The other week, while on vacation, I reposted an old blog post about Mary Sues. Today, I read an interesting post by Zoe Marriott on the same subject, but taking it to a new level I hadn’t previously considered: namely, that many critics’ dislike of Mary Sue characters, as they call them, is actually a dislike of female characters in general.
Personally, I was struck by how much of an assumption calling a character a “Mary Sue” actually is, considering the initial meaning of the term as a stand-in for the author.
In any case, Ms. Marriott has a great checklist on her post of what a true Mary Sue character actually is, and urges critics and reviewers to check against it before they bust out the label on every hapless female character they take a personal aversion to. However, I still believe it to be a helpful shorthand in describing characters like Bella Swan, to use Ms. Marriott’s example.
What’s your opinion?
6 thoughts on “More About Mary Sues”
(about to read Zoe's Mary Sue post, but…) Question: If you sent a non-form rejection to an author saying the query sounded awesome but the pages weren't your cup of tea and the author reworked the beginning and explained that the old beginning honestly wasn't representative of the majority of the rest of the novel in terms of style, would you believe them and give them another chance, or just see it as unprofessional?
I probably wouldn't put it like that. Saying that the beginning of your novel is not representative of the rest doesn't bode well for a professional-level work– why wouldn't the opening be as strong if not stronger than every other part of the book?
However, saying you've significantly revised may or may not be of interest. Depends on the project and the agent.
Yeah, I'd thought of that. (And I have an answer for you, but it doesn't matter now since it turns out that said non-form is just a really polite form.)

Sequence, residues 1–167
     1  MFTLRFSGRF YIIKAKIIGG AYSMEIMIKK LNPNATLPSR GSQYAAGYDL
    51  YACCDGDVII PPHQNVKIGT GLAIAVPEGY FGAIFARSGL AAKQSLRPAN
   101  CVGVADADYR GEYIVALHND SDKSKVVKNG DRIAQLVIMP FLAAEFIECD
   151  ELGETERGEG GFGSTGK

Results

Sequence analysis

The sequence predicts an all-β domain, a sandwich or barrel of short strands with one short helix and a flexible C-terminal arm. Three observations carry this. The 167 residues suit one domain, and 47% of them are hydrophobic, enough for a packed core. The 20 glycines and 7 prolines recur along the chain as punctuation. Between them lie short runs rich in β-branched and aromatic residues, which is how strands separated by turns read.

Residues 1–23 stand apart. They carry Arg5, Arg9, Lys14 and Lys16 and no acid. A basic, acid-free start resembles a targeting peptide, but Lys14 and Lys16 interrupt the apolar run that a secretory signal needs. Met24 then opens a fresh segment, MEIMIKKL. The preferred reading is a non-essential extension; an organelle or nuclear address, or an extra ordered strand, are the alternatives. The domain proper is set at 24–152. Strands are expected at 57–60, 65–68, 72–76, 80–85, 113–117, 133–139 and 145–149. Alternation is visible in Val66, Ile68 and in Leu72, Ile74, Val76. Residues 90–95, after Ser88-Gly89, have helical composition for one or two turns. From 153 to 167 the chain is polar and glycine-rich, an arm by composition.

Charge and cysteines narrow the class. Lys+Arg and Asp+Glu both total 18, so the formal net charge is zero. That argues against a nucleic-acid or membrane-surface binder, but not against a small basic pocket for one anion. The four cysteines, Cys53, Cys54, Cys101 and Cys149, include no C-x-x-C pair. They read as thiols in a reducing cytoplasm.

I think there's too much emphasis on form vs. non-form. All it means is variance in an agent's schedule or policy. I got form rejections on the same manuscript that I got offers on. (I also got form rejections on books that went to auction.) There are LOTS of agents, and you have LOTS of books in you. One or the other will eventually come through. Good luck!
I would cut Zoe's list down purely to points 2) and 5)
"A character whom has no significant flaws." & "A character who undergoes no significant growth, change or development throughout the story"
The lovey-dovey points are specific to specifically more romance oriented stories and Mary-Sues and Gary-Stus can exist just fine without them. And I would hold tightly that the character must be an author-insert either. While those were a common variety of Mary Sue back in the day, the important, defining feature was mostly the "Super character who is perfect in every way" angle.
I honestly don't read many book critiques so I don't know how common the usage of the phrase is. I'm familiar with it myself from the early days of fanfiction.net. I could be wrong but it seems so melodramatic to say people are throwing the term at all kinds of female protagonists because they don't like women.
After talking to Zoe about this yesterday she specified that the term is quite popular on Goodreads. The problem is a lot of readers fashioning themselves book critics like to come up with justifications for things that they just don't like, and apparently the hot new thing is to call any female character they don't like a Mary Sue with little to no regard for the actual definition of that term.